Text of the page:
Obesity, resulting from increased calorie consumption and decreased energy expenditure, remains a major world-wide public health concern for both children and adults [1], through its strong etiological links to several metabolic complications, including metabolic syndrome, Type-2 diabetes and non-alcoholic fatty liver disease (NAFLD) [2]. Intestinal bacteria have been causally implicated in human metabolic diseases, including obesity, type-2 diabetes and NAFLD [3], as well as in certain cancers [4]. Moreover, intestinal bacteria influence fat storage in adipose and other organs in mice [5]. A prominent hypothesis linking intestinal dysbiosis to obesity is that members of the bacterial phylum Firmicutes are more efficient than other gut-associated microbial taxa in converting indigestible foods to nutrients that are useable by the host; expansion of these Firmicutes in the gut is thus thought to increase the flux of calories into the host [6]. In turn, dietary fat composition and content are primary determinants of intestinal microbiome composition in fish, rodents and humans [7,8]. These observations suggest that intestinal bacteria play coordinating roles in managing the nutrient utilization and calorie deposition of their hosts, and that disrupting these functions, by altering the composition and/or metabolic properties of the intestinal bacterial community, may contribute to the host’s susceptibility to metabolic disease.

Due to its essential role in the uptake and transport of nutrients in the gut, the intestinal epithelium is likely to be a primary target of bacteria-host interactions that influence host metabolism and metabolic disease risk. Detailed information about how diet and gut microbiota influence the physiological, metabolic, and immunological properties of intestinal epithelial cells is limited. However, both diet and intestinal microbiome composition influence nutrient uptake and metabolic functions of the intestine [7,9]. Combined with established influences of diet on the composition and metabolic properties of intestinal microorganisms [7], these observations suggest that nutrient uptake is regulated by cooperative effects of diet on the properties of the intestinal epithelium and gut microbial cells.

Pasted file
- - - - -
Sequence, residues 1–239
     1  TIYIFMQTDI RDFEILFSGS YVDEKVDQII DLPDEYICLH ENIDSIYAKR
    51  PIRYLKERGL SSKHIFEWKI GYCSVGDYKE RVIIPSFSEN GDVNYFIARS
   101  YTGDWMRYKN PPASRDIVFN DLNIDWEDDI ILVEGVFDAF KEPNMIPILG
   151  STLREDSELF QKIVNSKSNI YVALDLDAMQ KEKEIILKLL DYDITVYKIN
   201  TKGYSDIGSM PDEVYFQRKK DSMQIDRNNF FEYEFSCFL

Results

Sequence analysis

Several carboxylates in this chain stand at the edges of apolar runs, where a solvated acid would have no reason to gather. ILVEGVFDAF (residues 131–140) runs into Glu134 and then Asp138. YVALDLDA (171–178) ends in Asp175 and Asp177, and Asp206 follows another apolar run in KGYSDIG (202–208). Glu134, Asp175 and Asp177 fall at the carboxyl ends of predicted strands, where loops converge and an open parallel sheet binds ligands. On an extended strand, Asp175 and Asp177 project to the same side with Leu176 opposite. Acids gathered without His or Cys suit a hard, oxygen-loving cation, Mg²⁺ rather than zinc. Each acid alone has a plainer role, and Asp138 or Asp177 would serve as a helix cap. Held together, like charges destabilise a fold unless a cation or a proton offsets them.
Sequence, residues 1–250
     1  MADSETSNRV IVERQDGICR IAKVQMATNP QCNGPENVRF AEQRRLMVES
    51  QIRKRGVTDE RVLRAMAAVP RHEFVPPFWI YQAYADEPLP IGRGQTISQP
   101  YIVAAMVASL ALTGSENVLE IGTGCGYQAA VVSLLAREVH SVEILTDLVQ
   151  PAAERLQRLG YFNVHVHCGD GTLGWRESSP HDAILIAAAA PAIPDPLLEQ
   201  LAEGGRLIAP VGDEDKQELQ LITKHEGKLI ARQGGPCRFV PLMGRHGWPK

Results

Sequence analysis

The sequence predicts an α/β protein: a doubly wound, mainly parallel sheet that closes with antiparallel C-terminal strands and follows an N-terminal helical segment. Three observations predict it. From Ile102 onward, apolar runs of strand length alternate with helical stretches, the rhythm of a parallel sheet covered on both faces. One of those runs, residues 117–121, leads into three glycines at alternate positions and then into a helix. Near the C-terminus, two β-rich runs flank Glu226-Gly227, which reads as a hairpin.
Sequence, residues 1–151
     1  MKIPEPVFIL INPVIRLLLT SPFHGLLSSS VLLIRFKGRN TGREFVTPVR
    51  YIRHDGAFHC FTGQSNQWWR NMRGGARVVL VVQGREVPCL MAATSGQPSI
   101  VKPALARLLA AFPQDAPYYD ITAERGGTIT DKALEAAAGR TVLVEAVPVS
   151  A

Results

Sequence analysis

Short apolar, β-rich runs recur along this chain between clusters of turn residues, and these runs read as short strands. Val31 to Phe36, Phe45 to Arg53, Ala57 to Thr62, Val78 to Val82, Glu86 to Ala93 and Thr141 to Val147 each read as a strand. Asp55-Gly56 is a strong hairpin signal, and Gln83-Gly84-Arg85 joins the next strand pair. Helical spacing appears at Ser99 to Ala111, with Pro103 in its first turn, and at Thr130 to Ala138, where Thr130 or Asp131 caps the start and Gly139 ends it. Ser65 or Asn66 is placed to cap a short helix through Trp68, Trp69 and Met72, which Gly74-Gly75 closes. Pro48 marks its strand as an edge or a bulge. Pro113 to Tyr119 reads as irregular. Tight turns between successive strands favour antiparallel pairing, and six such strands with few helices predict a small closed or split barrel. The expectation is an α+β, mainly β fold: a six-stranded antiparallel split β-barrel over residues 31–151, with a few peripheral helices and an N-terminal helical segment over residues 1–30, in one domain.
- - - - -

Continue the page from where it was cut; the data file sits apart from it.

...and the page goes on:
Cytoplasmic lipid droplets (CLD) are organelle-like structures that are increasingly recognized as important homeostatic regulators of cellular and tissue lipid metabolism; functioning as energy reservoirs, as a mechanism for limiting the levels of bioactive, and potentially toxic, free fatty acids, and in lipid trafficking within cells [10]. Members of the perilipin (PLIN) family (perilipin-1, Plin1; perilipin-2, Plin2, ADRP, ADPH, ADFP; perilipin-3, Plin3, TIP47; perilipin-4, Plin4, S3-12; perilipin-5, Plin5, OXPAT, LSDP5) are CLD scaffold proteins that serve as critical determinants of CLD formation and cellular lipid metabolism within mammalian cells [11]. Under normal conditions, Plin2 is the most abundantly expressed PLIN family member in livers of humans [12] and mice [13]. Plin2 is also highly expressed in the human [14] and murine [15] small intestine. Our published studies have documented that Plin2 is required in the long term for high fat (HF) diet-induced obesity and fatty liver disease in mice [13]. However, specific effects of Plin2 on intestinal lipid properties have not been established, and details about the physiological function(s) of CLD in intestinal epithelial cells are only beginning to emerge [1618]. Here we investigate whether the actions of Plin2 involve effects on intestinal lipid absorption and intestinal microbiome properties at the outset of exposure to HF- and LF-diets.

Materials and Methods

Animal procedures

Eight-week old male C57BL/6 (WT) and perilipin-2 null (Plin2-null) mice were used for all studies. The generation and characterization of Plin2-null mice have been described in detail previously [13]. WT mice used in this study were obtained from a breeding colony maintained at the University of Colorado School of Medicine’s Center for Comparative Medicine and housed in the same room as Plin2-null mice. All mice were fed standard mouse chow (2020X, Harlan Laboratories, 16% fat calories, 24% protein calories and 60% carbohydrate calories) ad libitum from weaning to 8 weeks of age, at which time they were housed individually in a metabolic monitoring system at 30°C, the thermoneutral temperature of mice [19], for measurements of energy balance (intake and expenditure), the respiratory exchange ratio (RER), and activity levels (Columbus 8M Oxymax) [20]. Following a 3-day adjustment period, the mice were fed nutritionally balanced high fat (HFD, 60% fat calories, 20% protein calories, 20% carbohydrate calories, D12492) or low fat (LFD, 10% fat calories, 20% protein calories, 70% carbohydrate calories, D12450B) diets from Research Diets Inc. (New Brunswick, NJ) ad libitum for 4 days. Feces were collected daily. Body weights and compositions were measured at the beginning and end of dietary treatments. Body compositions were determined by quantitative magnetic resonance (QMR; EchoMRI-900 Whole Body Composition Analyzer; Echo Medical Systems, Houston, TX). Tissues were harvested from chambered housed mice during their light cycle after fasting for approximately 8hr.